Minn. Stat. § 480A.08, subd. 3 (1996).
File No. K5953394
Harlan Goulett, Allan H. Caplan & Associates, 525 Lumber Exchange, Ten South Fifth Street, Minneapolis, MN 55402 (for appellant)
Hubert H. Humphrey, III, Attorney General, 1400 NCL Tower, 445 Minnesota Street, St. Paul, MN 55101 (for respondent)
Susan Gaertner, Ramsey County Attorney, Darrell C. Hill, Ass't County Attorney, 50 West Kellogg Boulevard, St. Paul, MN 55102 (for respondent)
Considered and decided by Randall, Presiding Judge, Lansing, Judge, and Thoreen, Judge.[*]
In an appeal from an order denying his postconviction petition, Ronnie McCrimmon challenges his first-degree controlled substance conviction, alleging ineffective assistance of counsel. We conclude McCrimmon was not denied the effective assistance of counsel and affirm.
McCrimmon filed a postconviction petition seeking a new trial on several grounds, including ineffective assistance of counsel for failure to challenge the search warrant. The postconviction court denied the petition, concluding that McCrimmon did not have standing to challenge the search warrant and that even if it had been challenged, the lapse of time between the application and execution did not make the warrant impermissibly stale. McCrimmon appeals that determination.
A defendant claiming ineffective assistance of counsel must show that his counsel's representation fell below an objective standard of reasonableness and that there is a "reasonable probability" that, but for counsel's unprofessional errors, the result of the proceeding would have been different. Hanley v. State, 534 N.W.2d 277, 279 (Minn. 1995) (quoting Strickland v. Washington, 466 U.S. 668, 688, 104 S. Ct. 2052, 2068 (1984)). This court need not determine "whether [trial] counsel's performance was deficient" if it concludes that the defendant has failed to show prejudice. Gates v. State, 398 N.W.2d 558, 562 n.1 (Minn. 1987) (quoting Strickland, 466 U.S. at 697, 104 S. Ct. at 2069).
An overnight guest has standing to challenge a search of the residence in which he is a guest. Minnesota v. Olson, 495 U.S. 91, 98-100, 110 S. Ct. 1684, 1689-90 (1990). The record indicates that McCrimmon was a frequent overnight guest at the apartment and that he stored personal belongings there, including a safe deposit key and his temporary drivers license. The postconviction court concluded that because McCrimmon was not present at the apartment when the search warrant was executed and he had not stayed there the night before the warrant was executed, he lacked standing. A frequent overnight guest has a qualitatively different connection to a residence than a temporary social guest, and McCrimmon's standing does not depend on the recency of his last visit nor his presence when the search warrant was executed. See generally State v. Carter, __N.W.2d__ (Minn. Sept. 11, 1997) (holding that overnight stay is not required for standing).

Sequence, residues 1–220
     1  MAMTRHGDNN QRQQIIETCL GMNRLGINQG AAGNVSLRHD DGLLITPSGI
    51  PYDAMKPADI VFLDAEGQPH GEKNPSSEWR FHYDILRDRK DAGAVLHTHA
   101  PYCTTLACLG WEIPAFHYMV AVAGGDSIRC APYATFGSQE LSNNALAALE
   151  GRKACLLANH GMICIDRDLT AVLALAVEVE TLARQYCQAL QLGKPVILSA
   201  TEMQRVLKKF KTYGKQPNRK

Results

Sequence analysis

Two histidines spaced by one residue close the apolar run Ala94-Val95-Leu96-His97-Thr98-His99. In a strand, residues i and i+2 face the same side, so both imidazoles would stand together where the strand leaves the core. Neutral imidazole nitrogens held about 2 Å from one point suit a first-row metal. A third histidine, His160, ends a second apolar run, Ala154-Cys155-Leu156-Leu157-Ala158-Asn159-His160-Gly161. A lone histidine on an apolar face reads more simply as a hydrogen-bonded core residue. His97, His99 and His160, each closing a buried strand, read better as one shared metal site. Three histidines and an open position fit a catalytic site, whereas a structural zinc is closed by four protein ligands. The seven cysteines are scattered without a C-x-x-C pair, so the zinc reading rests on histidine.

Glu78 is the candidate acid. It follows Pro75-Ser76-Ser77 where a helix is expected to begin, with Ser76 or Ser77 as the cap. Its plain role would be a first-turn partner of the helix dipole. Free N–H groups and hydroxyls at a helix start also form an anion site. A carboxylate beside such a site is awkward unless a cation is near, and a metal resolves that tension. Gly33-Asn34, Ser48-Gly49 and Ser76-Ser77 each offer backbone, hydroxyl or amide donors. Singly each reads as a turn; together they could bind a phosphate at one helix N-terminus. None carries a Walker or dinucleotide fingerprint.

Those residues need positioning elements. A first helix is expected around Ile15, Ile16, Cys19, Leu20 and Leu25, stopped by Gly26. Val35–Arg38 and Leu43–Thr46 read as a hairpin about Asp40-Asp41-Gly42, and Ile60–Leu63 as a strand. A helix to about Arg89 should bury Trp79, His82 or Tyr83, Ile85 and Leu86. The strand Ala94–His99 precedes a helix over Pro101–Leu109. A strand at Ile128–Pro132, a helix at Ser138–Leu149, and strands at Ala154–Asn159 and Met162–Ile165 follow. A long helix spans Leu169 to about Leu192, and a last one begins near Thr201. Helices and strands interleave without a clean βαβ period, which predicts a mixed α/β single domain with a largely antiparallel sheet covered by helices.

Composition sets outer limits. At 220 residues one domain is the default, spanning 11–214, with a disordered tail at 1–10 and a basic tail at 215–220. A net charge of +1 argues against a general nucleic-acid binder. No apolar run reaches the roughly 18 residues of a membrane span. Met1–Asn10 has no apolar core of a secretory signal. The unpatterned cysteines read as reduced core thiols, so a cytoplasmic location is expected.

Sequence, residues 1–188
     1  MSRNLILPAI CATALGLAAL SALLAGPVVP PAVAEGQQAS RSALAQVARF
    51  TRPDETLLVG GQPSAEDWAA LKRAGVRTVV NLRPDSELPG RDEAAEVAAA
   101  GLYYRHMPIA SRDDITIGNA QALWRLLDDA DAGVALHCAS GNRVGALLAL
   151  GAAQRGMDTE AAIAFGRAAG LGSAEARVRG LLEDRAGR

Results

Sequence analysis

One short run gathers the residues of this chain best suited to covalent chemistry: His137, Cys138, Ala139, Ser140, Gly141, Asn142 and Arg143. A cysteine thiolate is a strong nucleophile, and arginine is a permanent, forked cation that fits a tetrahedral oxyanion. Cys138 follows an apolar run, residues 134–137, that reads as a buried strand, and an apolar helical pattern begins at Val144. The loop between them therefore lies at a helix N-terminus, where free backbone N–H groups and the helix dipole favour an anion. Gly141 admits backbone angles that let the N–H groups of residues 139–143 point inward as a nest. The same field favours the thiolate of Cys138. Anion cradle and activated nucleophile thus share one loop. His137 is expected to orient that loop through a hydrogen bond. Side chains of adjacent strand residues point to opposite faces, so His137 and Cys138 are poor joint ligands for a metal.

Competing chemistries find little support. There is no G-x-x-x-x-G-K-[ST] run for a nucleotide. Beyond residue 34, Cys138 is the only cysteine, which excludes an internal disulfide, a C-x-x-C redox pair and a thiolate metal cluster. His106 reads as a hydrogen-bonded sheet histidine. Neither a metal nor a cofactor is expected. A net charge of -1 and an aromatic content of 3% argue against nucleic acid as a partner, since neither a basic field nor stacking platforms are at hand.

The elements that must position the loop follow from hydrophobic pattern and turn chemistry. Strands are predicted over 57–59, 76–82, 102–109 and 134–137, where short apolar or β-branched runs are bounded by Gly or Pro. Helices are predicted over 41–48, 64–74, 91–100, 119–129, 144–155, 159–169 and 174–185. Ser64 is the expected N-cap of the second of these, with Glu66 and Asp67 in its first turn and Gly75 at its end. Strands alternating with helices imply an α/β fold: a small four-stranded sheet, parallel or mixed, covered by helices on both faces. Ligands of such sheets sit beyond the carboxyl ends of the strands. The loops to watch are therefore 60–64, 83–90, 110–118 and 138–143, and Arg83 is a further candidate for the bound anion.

Standing to challenge the validity of the warrant is, however, only the threshold issue. In order to prevail on his claim of ineffective assistance, McCrimmon must show a "reasonable probability" that a motion to suppress would have been successful. See Gates, 398 N.W.2d at 561 (citing Strickland "reasonable probability" standard for general claim of ineffective assistance at trial); cf. State v. Grover, 402 N.W.2d 163, 166 (Minn. App. 1987) (to show prejudice from failure to seek suppression, petitioner must show results would have been different). McCrimmon asserts that he has shown a reasonable probability that the evidence would have been suppressed because the warrant was executed nine days after it was approved and was therefore stale.
The issue of staleness is determined by the circumstances of each case. See e.g. State v. Hanson, 355 N.W.2d 328, 329 (Minn. App. 1984) (citing Sgro v. United States, 287 U.S. 206, 53 S. Ct. 138 (1932)). The supreme court has enumerated several relevant factors to be considered. State v. DeWald, 463 N.W.2d 741, 746 (Minn. 1990) (listing disposability of property, nature of items, age of informant, and whether activity ongoing). The central issue in determining staleness is whether there was evidence of ongoing criminal activity. See, e.g., State v. Lunsford, 507 N.W.2d 239, 243 (Minn. App. 1993) (evidence of ongoing sexual abuse important factor in making two-year-old information in search warrant fresh rather then "stale") review denied (Dec. 14, 1993); 2 Wayne R. LaFave, Search and Seizure § 3.7(a) at 346 (continuity of offense is single most important staleness factor).